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Where did Australian cats come from?

Researchers have found that cats in Australia are most likely descended from those brought by European settlers. Feral cats found on the islands surrounding Australia may represent founding populations from Europe, introduced in the 19th century, according to research published in open access journal BMC Evolutionary Biology. Identifying the timing of the founding of these cat populations increases our knowledge of the effects this invasive species had when introduced to Australia.

Feral cats (cats that are free-living and independent of humans, but are descended from those that did rely on humans) have established invasive populations over large geographic areas of Australia. There has been much debate about how they arrived in Australia. Cats were often transported on sailing vessels as a means of controlling rodents or as pets, initially on board and then in new settlements. One theory suggests that cats arrived in Australia with European explorers in the late 18th century. Another hypothesis is that cats accompanied Malaysian trepangers – fishers of sea cucumbers – to Northern Australia in around 1650.

Researchers from the Senckenberg Biodiversity and Climate Research Centre (BiK-F) and the University of Koblenz-Landau, Germany analyzed mitochondrial DNA and microsatellites – short repeating sequences of DNA – from 266 Australian feral cats to explore their evolutionary history and dispersal patterns. Samples were analyzed from six mainland and seven island locations (details of islands listed in paper). The analysis found that the most probable primary source of feral cats in Australia is from cats arriving from Europe in the 19th century. There was evidence of a secondary introduction from Southeast Asia, although there was no evidence of a stable feral cat population originating solely from Asia, which discounts the theory on Malaysian trepangers.

The transportation of a species from their native habitat to a new location can have a damaging effect on the new environment, impacting on native species by predation, competition for food, or spreading disease. Two of the 22 invasive mammalian species found in Australia – European red fox and domestic cat – are predators. Over 100 native species of Australia are currently threatened by feral cats and previous efforts to reintroduce threatened species into parts of Australia have often been unsuccessful due to predation by these cats.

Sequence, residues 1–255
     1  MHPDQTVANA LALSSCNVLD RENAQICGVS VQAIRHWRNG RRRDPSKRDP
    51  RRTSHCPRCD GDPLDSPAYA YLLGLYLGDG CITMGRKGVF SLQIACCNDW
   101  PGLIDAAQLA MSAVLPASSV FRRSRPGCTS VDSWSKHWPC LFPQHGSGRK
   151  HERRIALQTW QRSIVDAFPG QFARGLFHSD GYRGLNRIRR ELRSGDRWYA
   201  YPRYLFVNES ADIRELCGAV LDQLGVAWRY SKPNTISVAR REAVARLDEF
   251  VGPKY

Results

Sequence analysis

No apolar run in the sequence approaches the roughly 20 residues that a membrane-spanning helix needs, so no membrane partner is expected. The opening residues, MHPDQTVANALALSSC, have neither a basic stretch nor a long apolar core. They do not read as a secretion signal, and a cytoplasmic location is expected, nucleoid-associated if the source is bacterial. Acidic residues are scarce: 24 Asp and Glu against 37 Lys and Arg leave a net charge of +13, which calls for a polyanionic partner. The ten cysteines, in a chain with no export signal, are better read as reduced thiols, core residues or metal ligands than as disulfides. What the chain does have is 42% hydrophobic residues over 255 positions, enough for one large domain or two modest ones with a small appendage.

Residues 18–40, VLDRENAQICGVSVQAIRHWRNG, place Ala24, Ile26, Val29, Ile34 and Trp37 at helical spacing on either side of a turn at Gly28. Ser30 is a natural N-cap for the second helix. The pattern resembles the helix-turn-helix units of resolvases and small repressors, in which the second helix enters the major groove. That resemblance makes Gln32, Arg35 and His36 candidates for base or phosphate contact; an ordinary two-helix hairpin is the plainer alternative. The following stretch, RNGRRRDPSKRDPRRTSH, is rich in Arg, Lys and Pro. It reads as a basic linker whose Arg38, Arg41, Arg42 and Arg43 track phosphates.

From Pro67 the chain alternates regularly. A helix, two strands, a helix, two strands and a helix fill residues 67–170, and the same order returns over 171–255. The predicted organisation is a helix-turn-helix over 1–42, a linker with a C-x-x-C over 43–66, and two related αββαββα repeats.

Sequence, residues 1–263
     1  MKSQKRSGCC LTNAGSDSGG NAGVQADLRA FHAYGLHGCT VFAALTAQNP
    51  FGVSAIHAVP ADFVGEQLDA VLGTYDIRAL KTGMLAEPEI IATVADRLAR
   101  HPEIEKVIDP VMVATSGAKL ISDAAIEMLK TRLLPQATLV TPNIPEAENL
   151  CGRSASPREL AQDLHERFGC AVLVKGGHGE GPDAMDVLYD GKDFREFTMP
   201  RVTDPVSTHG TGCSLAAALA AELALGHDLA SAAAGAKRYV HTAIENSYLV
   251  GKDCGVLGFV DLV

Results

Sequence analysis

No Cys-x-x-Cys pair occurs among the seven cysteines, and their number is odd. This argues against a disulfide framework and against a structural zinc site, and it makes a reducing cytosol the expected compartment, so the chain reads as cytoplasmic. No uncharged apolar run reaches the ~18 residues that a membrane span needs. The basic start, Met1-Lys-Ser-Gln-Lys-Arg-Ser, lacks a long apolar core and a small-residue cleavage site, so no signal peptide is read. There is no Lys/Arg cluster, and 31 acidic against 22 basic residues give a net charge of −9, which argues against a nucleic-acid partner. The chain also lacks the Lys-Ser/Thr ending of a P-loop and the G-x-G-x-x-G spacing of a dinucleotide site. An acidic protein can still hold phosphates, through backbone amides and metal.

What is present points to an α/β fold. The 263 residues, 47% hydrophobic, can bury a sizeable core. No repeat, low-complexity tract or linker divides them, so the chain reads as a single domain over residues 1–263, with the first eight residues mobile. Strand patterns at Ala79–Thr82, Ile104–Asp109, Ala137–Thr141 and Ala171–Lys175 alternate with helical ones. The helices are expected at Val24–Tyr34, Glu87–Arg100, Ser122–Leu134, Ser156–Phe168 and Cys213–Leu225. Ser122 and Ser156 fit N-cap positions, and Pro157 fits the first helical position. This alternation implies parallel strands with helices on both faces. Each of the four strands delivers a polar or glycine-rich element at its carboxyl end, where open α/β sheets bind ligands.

Katrin Koch, lead author from the BiK-F, said: “The analysis of genetic structure and diversity of Australian feral cat populations answered the question of the time of feral cat introduction to Australia and revealed that remnants of the historically introduced cat genotypes are still discernable on isolated islands. These findings have implications for invasive species management, since our study determined a specific time frame for the arrival of cats to Australia, allowing us to link the time of introduction with the decline and extinction of several native species.”


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Notes to editor

1. Images, including an artist’s impression and fossil photos, are available here:

The credit information provided in the filenames must be included in any re-use.

2. Research article
A voyage to Terra Australis: human-mediated dispersal of cats
Katrin Koch, Dave Algar, Jeremy B Searle, Markus Pfenninger, Klaus Schwenk,
BMC Evolutionary Biology

Article available at journal website.

Please name the journal in any story you write. If you are writing for the web, please link to the article. All articles are available free of charge, according to BioMed Central's open access policy.

2. BMC Evolutionary Biology is an open access, peer-reviewed journal that considers articles on all aspects of molecular and non-molecular evolution of all organisms, as well as phylogenetics and palaeontology.

BMC Evolutionary Biology is part of the BMC series which publishes subject-specific journals focused on the needs of individual research communities across all areas of biology and medicine. We offer an efficient, fair and friendly peer review service, and are committed to publishing all sound science, provided that there is some advance in knowledge presented by the work.

3. BioMed Central is an STM (Science, Technology and Medicine) publisher which has pioneered the open access publishing model. All peer-reviewed research articles published by BioMed Central are made immediately and freely accessible online, and are licensed to allow redistribution and reuse. BioMed Central is part of Springer Nature, a major new force in scientific, scholarly, professional and educational publishing, created in May 2015 through the combination of Nature Publishing Group, Palgrave Macmillan, Macmillan Education and Springer Science+Business Media.